With his mouth, Eric Dickerson says he’s not out to get Jeff Fisher fired. With his fingers, Dickerson is sending a much different message.
“I don’t hold a grudge against him,” the Rams Hall of Famer told Sam Farmer of the L.A. Times regarding the Rams coach. “I don’t have a vendetta against Jeff at all. My thing is, when he said to me that I make his players uncomfortable and his coaches uncomfortable, I don’t want to make anybody uncomfortable. That’s not my job. I want my team to play football.”
It’s hard to reconcile Dickerson’s words with his actions. Specifically, with his “retweets” and “likes” at his Twitter page. For most of the time since the story first emerged, Dickerson has been implicitly approving of tweets that take his side in the squabble over Dickerson’s access to the team — including multiple tweets that openly call for Fisher’s ouster and/or Dickerson’s hiring as the team’s next coach.
So, basically, if this is how Dickerson goes about not trying to get Fisher fired, what would he do if Dickerson actually were trying to get Fisher fired?
As noted by Farmer, Dickerson took aim elsewhere in the organization when discussing the situation on ESPN.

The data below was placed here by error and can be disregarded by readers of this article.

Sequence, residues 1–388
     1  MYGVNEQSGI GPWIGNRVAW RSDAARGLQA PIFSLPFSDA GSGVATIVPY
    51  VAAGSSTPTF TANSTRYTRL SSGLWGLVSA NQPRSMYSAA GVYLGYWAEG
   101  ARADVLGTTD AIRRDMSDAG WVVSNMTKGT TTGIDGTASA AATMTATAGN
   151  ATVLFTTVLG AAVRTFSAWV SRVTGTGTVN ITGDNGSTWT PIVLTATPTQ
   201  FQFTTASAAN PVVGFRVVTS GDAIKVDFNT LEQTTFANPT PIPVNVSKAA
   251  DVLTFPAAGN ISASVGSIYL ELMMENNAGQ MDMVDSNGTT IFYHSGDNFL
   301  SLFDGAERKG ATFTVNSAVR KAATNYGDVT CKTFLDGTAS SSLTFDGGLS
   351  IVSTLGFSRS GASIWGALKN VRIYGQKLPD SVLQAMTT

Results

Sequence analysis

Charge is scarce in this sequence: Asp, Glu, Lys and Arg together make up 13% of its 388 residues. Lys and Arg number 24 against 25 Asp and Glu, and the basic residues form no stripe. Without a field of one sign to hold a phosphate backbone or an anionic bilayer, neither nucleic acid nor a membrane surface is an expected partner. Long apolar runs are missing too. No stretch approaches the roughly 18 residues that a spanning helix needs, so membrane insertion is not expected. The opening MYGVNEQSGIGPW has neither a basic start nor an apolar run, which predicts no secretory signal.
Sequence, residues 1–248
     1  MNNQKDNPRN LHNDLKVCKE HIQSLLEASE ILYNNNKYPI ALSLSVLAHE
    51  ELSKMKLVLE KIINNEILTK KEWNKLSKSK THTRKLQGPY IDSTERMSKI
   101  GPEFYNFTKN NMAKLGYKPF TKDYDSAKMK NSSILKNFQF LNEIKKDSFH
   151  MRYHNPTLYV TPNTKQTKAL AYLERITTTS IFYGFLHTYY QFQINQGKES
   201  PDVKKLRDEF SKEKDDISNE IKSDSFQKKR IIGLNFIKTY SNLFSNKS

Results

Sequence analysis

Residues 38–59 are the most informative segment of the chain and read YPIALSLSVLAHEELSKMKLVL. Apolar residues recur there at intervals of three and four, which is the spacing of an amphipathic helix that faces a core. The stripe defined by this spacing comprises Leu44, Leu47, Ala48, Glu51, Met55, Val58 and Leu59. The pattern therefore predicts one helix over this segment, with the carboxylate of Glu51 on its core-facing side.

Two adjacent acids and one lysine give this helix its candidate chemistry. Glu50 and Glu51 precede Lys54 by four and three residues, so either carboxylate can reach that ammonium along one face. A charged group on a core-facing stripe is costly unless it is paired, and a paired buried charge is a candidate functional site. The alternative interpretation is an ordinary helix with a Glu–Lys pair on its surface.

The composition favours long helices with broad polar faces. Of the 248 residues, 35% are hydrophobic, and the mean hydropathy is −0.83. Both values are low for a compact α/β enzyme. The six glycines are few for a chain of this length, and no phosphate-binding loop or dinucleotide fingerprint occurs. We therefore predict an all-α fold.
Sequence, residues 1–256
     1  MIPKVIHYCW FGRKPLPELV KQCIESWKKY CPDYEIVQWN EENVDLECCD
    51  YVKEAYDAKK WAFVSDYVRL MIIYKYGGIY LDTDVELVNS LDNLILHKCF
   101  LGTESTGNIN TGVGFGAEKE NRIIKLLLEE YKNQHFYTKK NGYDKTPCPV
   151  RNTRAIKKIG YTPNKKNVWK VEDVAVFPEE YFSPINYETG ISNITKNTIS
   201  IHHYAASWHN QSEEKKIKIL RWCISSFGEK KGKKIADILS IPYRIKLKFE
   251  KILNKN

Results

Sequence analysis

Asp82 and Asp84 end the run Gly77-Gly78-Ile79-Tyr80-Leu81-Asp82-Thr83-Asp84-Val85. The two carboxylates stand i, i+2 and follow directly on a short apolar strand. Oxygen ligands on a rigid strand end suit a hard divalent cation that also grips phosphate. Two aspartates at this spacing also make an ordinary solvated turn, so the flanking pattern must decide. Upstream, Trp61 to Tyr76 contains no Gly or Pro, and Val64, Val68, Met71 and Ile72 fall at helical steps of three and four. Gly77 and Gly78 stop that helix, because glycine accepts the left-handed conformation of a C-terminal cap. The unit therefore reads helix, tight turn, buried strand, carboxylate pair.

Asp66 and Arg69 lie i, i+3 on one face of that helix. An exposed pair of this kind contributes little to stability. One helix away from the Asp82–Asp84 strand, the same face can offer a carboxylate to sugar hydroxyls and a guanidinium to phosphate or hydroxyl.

“Very disappointed in [Rams executive] Kevin Demoff,” Dickerson said on SportsCenter. “I told Jeff Fisher this at the beginning, I said, ‘This didn’t come from you, this came from Kevin Demoff.’ And he started laughing. So I said that’s how I feel about this whole situation.”
That’s fine, but Dickerson hasn’t declared that he won’t attend Rams games as long as Demoff is still running the team. Dickerson has said he won’t attend Rams games as long as Fisher is coaching it.
And so while on the surface this story is about the not-so-interesting question of whether Dickerson will or won’t be at games played by the Rams, the real story here is that Dickerson has decided to try to get Fisher fired, regardless of whether Dickerson is willing to admit that he’s trying to get Fisher fired.
Which highlights one of the dangers of a team getting too cozy with former players. Opening the door and welcoming them with open arms means welcoming their opinions. But those opinions can carry significance with the fan base, especially if those opinions are given credence by the team.
The Rams thought sidelines passes and other gratuities would help them curry favor with former players, simultaneously allowing the franchise to use the former players as marketing props and ensuring that they won’t lash out if/when the team underperforms. As to Dickerson, the Rams have badly miscalculated, resulting in a P.R. mess that has endured multiple spins of the 24-hour news cycle — and that could make it harder when the season ends for owner Stan Kroenke to give Fisher a new contract.